Wednesday, September 16, 2015

New Market Battlefield State Historical Park (Blog Hike #547)

Trails: (unnamed)
Hike Location: New Market Battlefield State Historical Park
Geographic Location: New Market, VA
Length: 2 miles
Difficulty: 2/10 (Easy)
Last Hiked: August 2015
Overview: A pair of walking tours through a Civil War battlefield.
Park Information:

Directions to the trailhead: In northern Virginia, take I-81 to US 211 (exit 264).  Exit, but instead of taking US 211 east, go west on SR 211.  In only 0.2 miles, turn right on George R. Collins Parkway.  The parkway deadends in 1.1 miles at the Virginia Civil War Museum, where this hike begins.  Park in the blacktop lot in front of the museum.

The hike: It was the spring of 1864, at the start of the Civil War’s fourth year, when Union Lieutenant General Ulysses Grant set in motion a grand strategy to finalize a Union victory.  The strategy called for a three-pronged southward offensive.  Grant himself would lead an army south out of Washington D.C. into northeastern Virginia to attack General Robert E. Lee’s Army of Northern Virginia.  Union General William Sherman would lead more forces west of the Appalachians toward Chattanooga and Atlanta.  In between, Union Major General Franz Sigel would lead an army of 10,000 men into the Shenandoah Valley, the heart of Virginia’s agricultural economy.
            Realizing the threat posed by Sigel’s advance, Confederate General John Breckinridge summoned all available forces, which included cadets studying at the Virginia Military Institute (VMI) in the southern Shenandoah Valley.  On May 15, 1864, Breckinridge’s forces met Sigel’s forces at New Market, VA.  Though outnumbered more than 2 to 1, Breckinridge employed an aggressive strategy that made heavy use of the VMI cadets.  At the end of the day, Sigel was forced to rapidly retreat northward to Strasburg, VA, and Breckinridge won one of the Confederacy’s last major Civil War victories.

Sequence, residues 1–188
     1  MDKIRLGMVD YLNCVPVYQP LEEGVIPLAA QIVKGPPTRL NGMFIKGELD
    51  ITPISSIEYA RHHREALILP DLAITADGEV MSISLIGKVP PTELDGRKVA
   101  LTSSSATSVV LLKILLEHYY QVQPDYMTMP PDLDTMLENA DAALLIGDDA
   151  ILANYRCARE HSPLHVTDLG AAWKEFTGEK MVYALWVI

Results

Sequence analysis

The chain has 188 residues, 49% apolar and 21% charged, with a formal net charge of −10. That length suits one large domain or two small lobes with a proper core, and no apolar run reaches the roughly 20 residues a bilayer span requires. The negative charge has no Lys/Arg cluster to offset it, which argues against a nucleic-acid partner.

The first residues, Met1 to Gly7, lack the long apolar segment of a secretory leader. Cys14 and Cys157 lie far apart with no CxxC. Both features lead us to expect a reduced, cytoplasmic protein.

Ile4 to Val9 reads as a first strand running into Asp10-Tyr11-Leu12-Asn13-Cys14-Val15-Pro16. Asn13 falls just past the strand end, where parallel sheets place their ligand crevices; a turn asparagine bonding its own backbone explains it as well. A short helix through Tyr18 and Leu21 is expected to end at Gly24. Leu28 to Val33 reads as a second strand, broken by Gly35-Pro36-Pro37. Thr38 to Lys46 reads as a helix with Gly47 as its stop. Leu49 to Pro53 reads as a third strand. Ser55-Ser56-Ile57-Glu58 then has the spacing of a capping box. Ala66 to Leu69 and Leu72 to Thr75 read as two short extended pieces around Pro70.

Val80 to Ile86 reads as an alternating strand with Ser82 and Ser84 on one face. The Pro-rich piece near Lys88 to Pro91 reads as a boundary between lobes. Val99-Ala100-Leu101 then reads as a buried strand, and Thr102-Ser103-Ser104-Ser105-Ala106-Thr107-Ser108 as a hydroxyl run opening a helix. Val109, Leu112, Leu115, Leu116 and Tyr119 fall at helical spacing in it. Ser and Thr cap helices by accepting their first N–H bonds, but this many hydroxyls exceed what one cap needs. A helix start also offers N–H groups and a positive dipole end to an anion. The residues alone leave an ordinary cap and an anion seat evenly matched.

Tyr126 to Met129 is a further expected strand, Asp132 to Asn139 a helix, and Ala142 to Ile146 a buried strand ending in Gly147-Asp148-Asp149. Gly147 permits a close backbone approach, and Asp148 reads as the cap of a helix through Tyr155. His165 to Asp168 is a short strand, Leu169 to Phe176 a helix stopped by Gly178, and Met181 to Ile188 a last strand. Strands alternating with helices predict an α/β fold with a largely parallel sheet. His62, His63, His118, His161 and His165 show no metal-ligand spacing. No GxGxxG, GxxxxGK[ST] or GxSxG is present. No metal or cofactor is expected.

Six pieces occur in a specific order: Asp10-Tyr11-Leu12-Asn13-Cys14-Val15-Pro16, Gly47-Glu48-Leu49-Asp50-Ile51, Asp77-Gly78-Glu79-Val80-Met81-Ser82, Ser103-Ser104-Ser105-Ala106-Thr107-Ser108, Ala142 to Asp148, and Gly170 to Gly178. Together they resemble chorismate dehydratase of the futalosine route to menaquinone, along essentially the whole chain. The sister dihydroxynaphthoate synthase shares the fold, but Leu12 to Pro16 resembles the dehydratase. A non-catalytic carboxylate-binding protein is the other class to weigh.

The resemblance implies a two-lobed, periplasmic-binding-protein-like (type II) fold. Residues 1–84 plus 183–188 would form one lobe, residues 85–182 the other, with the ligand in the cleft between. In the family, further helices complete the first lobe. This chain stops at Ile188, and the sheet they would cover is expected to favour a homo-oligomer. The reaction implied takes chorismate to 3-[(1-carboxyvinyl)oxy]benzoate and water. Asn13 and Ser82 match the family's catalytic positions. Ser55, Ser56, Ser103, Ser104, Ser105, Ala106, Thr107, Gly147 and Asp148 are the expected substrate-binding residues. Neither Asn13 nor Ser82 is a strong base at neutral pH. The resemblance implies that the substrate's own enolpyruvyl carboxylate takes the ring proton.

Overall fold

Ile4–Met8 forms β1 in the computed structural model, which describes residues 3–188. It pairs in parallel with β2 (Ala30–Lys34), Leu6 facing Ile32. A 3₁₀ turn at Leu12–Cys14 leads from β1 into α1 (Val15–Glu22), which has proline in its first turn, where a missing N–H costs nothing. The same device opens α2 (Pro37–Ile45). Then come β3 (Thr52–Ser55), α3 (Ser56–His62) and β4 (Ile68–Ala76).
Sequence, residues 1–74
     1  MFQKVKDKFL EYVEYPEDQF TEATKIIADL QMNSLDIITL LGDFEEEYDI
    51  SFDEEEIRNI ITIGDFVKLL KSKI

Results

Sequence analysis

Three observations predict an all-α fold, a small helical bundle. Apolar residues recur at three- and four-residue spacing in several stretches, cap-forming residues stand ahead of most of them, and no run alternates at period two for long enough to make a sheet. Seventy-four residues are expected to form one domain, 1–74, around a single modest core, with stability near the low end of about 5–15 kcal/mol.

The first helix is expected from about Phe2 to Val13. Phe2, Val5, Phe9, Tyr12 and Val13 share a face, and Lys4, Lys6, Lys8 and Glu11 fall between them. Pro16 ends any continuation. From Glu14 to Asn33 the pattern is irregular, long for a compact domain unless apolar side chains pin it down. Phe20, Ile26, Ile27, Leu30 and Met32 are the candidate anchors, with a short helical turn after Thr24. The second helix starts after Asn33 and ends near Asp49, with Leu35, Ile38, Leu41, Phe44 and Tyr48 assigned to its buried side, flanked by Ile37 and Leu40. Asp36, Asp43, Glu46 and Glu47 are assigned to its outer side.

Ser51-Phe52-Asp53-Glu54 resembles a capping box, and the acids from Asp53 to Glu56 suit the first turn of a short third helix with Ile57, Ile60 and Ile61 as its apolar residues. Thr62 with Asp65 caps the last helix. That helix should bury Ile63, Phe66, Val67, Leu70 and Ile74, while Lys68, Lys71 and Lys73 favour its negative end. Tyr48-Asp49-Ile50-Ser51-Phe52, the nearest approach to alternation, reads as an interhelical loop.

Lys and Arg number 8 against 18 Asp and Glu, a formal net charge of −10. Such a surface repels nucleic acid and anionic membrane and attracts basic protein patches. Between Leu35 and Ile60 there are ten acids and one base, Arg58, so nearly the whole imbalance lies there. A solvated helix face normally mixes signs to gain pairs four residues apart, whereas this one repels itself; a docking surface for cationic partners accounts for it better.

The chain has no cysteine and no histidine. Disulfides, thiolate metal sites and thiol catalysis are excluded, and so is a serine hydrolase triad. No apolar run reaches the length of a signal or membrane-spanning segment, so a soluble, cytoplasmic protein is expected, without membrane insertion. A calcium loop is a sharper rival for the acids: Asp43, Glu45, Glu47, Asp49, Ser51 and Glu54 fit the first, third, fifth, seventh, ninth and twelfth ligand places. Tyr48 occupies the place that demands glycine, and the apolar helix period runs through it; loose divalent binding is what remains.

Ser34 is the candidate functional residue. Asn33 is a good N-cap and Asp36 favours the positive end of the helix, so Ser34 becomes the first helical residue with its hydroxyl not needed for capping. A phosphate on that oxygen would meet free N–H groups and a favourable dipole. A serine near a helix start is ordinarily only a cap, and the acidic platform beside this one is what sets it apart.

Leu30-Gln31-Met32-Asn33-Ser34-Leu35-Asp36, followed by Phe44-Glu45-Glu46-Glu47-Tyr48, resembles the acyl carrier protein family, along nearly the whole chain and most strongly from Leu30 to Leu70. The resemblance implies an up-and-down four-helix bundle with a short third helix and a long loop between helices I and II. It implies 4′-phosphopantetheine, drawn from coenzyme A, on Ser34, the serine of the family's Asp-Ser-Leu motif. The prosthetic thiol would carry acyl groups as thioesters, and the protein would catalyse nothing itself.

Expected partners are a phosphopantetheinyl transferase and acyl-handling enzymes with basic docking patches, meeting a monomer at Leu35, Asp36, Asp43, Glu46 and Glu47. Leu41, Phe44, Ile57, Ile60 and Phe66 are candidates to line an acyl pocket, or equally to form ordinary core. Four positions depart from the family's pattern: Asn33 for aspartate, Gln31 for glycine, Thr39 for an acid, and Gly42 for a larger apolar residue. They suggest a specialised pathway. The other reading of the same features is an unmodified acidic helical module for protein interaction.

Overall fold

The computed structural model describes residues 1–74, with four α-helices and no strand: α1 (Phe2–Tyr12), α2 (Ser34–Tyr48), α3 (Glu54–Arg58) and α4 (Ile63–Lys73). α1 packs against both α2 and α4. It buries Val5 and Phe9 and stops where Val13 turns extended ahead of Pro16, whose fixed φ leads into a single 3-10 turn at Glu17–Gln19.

Today I-81 runs through the midst of the historic battlefield, but the Virginia Museum of the Civil War and adjacent New Market Battlefield State Historical Park tell the story of the battle.  The museum features artifacts and dioramas from the battle, while the state park offers two walking tours that access all of the battlefield’s major points of interest.  Combining the two walking tours using a pedestrian tunnel under I-81 forms the hike described here.  Note that a small admission fee is charged to access the grounds, so make sure you check in at the museum before heading out.
Start of western walking tour
            The walking tour starts at a gap in the split rail fence to the right (east) of the museum.  The mowed-grass trail heads northeast toward the battlefield, and the historic white Bushong Farm buildings visible straight ahead are your first destination.  Off in the distance Massanutten Mountain towers 1400 feet above you, thus giving this hike scenic as well as historic appeal.  The mountain was covered in fog on the unusually cool summer afternoon I came here.